Google might have a tough time with Pixel 4. Following disappointing sales of the Pixel 3, and the redemption of the line with the far more affordable Pixel 3A, the Pixel 4 XL has to offer sufficient flagship-worthy extras to make the £829 price worth paying.
With the significant uplift in great camera phones at varying prices this year, it’s no longer good enough for Google to have an “okay” phone with an “amazing” camera, and Google knows it.
With Pixel 4 XL, Google has taken many more risks. It has radar operated motion gestures for halting alarms and skipping tracks; it foregoes fingerprint security entirely for face unlock, and it adds an extra camera on the back something Google seemed staunchly against a few years ago.
Google Pixel 4 XL camera – An absolute pleasure
The Google Pixel 4 XL is a good phone, but it’s genuinely great in one domain: the camera. This device is a pleasure to shoot with, so much so that we can almost forgive the shortcomings elsewhere because the captured images can look excellent.
The most apparent upgrade this time around is the addition of a secondary sensor on the rear of the device.
This 16-megapixel 2x telephoto lens joins the standard f/1.7 12-megapixel full unit. Peek into the camera app, though, and you might not even know there’s a secondary sensor there.
Unlike most other phones, there’s no quick way to jump to 2x, and even when you’re zooming, it isn’t entirely distinct which camera you’re using.
Instead, Google uses both the cameras for a multitude of tasks, utilizing the data received by both to generally improving your snaps.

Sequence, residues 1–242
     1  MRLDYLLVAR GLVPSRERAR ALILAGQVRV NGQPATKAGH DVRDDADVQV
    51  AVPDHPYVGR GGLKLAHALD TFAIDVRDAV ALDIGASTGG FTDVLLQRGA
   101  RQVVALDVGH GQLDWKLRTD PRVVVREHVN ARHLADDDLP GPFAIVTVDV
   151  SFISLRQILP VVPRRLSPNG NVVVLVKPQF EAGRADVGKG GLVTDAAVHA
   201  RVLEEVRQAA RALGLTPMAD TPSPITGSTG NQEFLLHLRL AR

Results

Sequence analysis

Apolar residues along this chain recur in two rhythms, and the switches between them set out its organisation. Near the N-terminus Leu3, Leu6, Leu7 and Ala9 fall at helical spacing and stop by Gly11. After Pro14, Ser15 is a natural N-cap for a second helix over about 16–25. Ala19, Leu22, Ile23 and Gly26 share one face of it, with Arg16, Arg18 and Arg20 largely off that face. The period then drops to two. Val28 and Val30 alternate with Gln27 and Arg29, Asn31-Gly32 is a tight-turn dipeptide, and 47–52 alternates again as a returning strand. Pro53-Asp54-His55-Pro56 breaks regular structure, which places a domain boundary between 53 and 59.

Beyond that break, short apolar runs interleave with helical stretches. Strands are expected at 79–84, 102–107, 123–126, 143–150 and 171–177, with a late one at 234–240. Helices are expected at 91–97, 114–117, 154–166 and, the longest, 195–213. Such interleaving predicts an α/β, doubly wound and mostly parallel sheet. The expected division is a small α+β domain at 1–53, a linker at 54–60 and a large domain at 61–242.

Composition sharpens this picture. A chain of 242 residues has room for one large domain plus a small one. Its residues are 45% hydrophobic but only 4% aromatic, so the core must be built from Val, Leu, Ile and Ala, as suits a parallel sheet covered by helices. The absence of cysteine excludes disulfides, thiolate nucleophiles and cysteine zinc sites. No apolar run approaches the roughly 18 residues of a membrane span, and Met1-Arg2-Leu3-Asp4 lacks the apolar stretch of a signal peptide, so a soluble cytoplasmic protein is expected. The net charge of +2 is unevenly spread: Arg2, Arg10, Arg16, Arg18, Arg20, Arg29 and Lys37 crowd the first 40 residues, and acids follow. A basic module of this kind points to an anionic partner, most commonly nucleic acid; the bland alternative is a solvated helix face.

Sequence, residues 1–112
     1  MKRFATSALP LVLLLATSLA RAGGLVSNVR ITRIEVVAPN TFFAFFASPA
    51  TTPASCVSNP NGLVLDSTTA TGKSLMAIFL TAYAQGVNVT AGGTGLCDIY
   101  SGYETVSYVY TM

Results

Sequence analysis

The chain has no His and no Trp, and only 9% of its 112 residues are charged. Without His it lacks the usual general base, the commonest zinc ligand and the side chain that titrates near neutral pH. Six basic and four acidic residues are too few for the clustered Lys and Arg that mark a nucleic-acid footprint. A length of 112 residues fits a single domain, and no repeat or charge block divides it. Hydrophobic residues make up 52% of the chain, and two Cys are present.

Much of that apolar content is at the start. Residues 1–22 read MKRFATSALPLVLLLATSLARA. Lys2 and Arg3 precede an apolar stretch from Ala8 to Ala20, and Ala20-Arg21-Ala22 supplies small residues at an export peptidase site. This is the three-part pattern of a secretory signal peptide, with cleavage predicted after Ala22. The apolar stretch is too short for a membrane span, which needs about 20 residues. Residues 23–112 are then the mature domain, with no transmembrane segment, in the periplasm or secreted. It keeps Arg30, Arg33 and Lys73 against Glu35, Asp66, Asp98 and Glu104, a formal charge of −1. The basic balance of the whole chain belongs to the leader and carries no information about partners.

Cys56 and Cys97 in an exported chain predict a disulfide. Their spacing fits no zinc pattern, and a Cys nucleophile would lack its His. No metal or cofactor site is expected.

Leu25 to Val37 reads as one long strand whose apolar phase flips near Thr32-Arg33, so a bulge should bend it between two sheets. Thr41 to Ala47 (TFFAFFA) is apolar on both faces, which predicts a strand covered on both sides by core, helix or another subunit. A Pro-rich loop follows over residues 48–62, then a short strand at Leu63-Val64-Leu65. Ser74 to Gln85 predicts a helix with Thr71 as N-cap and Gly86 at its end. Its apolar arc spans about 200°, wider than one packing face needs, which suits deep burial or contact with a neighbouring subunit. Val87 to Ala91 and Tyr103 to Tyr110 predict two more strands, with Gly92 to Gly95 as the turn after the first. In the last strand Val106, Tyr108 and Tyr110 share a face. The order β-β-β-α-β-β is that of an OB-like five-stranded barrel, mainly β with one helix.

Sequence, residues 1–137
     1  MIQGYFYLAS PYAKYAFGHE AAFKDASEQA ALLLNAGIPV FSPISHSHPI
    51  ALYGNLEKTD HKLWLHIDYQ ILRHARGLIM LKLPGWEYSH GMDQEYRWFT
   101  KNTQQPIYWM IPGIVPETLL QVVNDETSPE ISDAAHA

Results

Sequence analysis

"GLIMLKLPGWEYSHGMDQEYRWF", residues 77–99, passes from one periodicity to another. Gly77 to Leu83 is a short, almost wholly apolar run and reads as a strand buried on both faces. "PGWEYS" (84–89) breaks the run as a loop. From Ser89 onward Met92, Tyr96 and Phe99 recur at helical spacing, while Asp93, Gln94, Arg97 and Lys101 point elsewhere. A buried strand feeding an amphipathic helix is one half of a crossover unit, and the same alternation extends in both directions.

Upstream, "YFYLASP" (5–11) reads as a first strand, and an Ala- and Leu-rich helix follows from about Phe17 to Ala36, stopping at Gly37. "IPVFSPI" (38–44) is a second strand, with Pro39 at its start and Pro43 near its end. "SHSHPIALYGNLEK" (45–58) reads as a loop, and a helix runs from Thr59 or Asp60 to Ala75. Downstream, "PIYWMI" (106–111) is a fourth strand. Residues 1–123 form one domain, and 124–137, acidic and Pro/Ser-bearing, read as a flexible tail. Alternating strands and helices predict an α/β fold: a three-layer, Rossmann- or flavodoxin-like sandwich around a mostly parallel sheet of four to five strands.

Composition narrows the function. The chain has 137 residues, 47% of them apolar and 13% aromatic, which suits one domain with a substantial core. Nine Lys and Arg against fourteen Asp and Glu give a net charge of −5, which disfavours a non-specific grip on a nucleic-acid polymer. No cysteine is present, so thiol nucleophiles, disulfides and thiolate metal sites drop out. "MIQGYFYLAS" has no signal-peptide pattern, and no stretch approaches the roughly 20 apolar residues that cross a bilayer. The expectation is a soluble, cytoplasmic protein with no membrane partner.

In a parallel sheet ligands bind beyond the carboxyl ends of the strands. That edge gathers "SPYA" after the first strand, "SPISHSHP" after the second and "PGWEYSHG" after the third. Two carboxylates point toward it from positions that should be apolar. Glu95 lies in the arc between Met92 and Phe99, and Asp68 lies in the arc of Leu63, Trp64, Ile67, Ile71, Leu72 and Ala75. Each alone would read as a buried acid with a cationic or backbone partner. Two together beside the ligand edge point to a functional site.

The Portrait mode is probably the most elegant use of this new sensor, now defaulting to a slightly more zoomed-in look.
Portrait shots taken with this camera are sublime, comfortably better than the already impressive iPhone 11. The way it manages to cut out around hair is unmatched, and the results are smooth and sharp.
The excellent camera, software, and design are the things that Pixel 4 has to offer, but battery life, poor storage options, and lack of an ultra-wide lens mean there are better options out there.
For example, the OnePlus 7T is cheaper at £599, offers far more storage, a longer-lasting battery that charges more quickly while also retaining the 90Hz Display.
In most cases, you’ll also get just as good snaps from the £719/$699 iPhone 11 – and then, of course, there’s the genuinely excellent Pixel 3a and 3a XL.
- Excellent camera for photos
- The Grippy body is a nice change from the usual, highly polished flagships
- Smooth Display is a significant upgrade
- Great software
- Disappointing battery life
- Lack of ultra-wide camera is a shame
- Motion Sense features are currently limited
- Storage options only up to 128GB
- Screen: 6.3in QHD+ OLED (90Hz, 537ppi)
- Processor: octa-core Qualcomm Snapdragon 855
- RAM: 6GB
- Storage: 64 or 128GB
- Operating system: Android 10
- Camera: Dual rear cameras (12.2+16MP) with OIS, 8MP front-facing camera
- Connectivity: LTE, wifi 5, NFC, eSIM, Bluetooth 5, GPS, 3D face recognition
- Dimensions: 75.1 x 160.4 x 8.2mm
- Weight: 193g
- The Google Pixel 4 XL with 64GB of storage : £829 ($899)
- The Google Pixel 4 XL with 128GB of storage : £929 ($999) .